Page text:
Two years ago, J.D. Power published a brutal assessment of Ford Motor Company: in just one year, the company's rank on Power's Initial Quality Survey plummeted from #5 to #23.
The tumble wasn't due to dodgy build quality on the vehicles themselves. Rather, it was almost entirely attributed to Ford's in-dash infotainment system, backed by MyFord Touch and Sync. As we noted then, "While problems with both systems have been reported, many of the complaints stem from consumers who simply grow frustrated with the systems’ complexity."
Ford has since published many updates to both systems, but the complexity problem hasn't gone away. And yet, the vast majority of new-car buyers still opt to pay extra for MyFord Touch and Sync.
How vast a majority? The systems came on nearly 80% of 2013 model-year Ford vehicles, up from 68% on 2012 cars and trucks.
According to Ford, part of the reason for that jump stems from growing satisfaction with MyFord Touch and Sync. In fact, the automaker notes that the Ford F-150 equipped with MyFord Touch has the highest quality satisfaction score of any vehicle in the Ford lineup, with 86% of consumers giving it a big thumbs-up.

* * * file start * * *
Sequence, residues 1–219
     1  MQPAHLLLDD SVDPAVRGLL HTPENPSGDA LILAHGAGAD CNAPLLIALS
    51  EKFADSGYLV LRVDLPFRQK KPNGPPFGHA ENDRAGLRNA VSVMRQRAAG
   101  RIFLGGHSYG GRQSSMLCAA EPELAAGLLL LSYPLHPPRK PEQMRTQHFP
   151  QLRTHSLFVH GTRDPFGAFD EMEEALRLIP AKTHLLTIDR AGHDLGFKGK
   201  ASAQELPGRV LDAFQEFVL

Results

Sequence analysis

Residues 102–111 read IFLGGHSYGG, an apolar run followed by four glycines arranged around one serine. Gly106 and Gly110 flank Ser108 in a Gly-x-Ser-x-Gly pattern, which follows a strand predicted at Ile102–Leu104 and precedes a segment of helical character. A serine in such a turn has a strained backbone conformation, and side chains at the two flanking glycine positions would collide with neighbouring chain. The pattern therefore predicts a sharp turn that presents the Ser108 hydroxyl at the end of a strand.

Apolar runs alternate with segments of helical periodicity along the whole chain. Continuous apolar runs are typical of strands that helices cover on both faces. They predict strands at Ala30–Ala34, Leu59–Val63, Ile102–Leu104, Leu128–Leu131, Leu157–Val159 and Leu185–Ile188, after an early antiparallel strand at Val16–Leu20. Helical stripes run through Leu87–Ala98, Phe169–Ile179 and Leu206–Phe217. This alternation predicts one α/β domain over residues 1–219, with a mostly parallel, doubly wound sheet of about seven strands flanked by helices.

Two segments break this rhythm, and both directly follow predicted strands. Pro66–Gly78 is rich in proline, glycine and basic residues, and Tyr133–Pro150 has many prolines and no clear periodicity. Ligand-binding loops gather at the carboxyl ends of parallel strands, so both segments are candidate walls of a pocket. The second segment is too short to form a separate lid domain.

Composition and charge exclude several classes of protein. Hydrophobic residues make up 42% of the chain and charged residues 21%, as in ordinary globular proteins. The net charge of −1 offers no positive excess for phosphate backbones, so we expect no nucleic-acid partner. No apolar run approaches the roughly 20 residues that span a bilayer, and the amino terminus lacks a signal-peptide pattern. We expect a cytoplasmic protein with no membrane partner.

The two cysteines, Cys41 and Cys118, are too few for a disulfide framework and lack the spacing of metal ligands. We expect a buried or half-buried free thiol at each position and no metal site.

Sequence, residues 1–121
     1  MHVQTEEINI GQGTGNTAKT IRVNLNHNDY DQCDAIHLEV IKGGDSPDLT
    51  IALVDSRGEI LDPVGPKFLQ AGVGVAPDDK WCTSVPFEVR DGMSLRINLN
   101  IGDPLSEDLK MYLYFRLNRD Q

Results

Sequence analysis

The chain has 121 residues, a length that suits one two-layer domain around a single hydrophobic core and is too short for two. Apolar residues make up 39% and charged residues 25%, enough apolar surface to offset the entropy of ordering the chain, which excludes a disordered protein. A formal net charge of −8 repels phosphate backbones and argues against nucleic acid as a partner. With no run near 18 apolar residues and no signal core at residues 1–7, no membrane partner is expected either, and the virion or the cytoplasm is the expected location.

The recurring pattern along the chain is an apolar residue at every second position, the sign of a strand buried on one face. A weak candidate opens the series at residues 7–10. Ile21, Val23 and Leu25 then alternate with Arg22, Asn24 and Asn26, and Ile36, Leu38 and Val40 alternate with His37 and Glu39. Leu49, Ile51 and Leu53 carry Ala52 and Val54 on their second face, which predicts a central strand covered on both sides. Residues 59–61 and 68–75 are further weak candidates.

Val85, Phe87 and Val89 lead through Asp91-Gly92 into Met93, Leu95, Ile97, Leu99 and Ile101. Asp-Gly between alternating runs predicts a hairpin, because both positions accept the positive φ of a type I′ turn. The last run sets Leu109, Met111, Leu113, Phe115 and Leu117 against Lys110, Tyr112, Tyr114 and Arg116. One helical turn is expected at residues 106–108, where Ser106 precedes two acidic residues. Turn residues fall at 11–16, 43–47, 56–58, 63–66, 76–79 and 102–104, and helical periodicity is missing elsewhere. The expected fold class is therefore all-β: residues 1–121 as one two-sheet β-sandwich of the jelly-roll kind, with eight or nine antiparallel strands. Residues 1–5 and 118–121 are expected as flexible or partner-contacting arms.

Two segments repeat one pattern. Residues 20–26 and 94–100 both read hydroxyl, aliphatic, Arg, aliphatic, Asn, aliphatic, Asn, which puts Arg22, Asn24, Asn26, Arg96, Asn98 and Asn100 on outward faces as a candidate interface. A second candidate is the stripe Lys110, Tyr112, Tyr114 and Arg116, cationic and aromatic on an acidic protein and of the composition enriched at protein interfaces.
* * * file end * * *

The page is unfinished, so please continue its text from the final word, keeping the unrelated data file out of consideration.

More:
But what's interesting about the F-150 is that, unlike other vehicles with MyFord Touch, it comes with touch-screen capability and an assortment of user-friendly buttons and knobs. Considering the number of complaints Ford has received about unnecessary complexity, giving customers something that they're used to seems like a very good idea.
Which is exactly why Ford is planning to bring those buttons and knobs to other vehicles in the near future.
In an interview with the Wall Street Journal, Raj Nair, head of global product development at Ford, says that customers are most often flummoxed when they want to switch from one radio station to another or adjust the volume, but don't have the usual knob to do so. New MyTouch systems will offer a pared-down touch-screen interface, with complementary buttons and knobs.
There's no word on when the upgrades will appear, but it's likely that we'll start seeing them as individual Ford models are updated. If so, the entire lineup could be brought up to speed within the next four years.
As great as that sounds, it won't do much to help Ford on J.D. Power's 2013 Initial Quality Survey, which is due to arrive this week. But if Ford plays its cards right, consumer frustration with MyFord Touch and Sync will slowly become a thing of the past.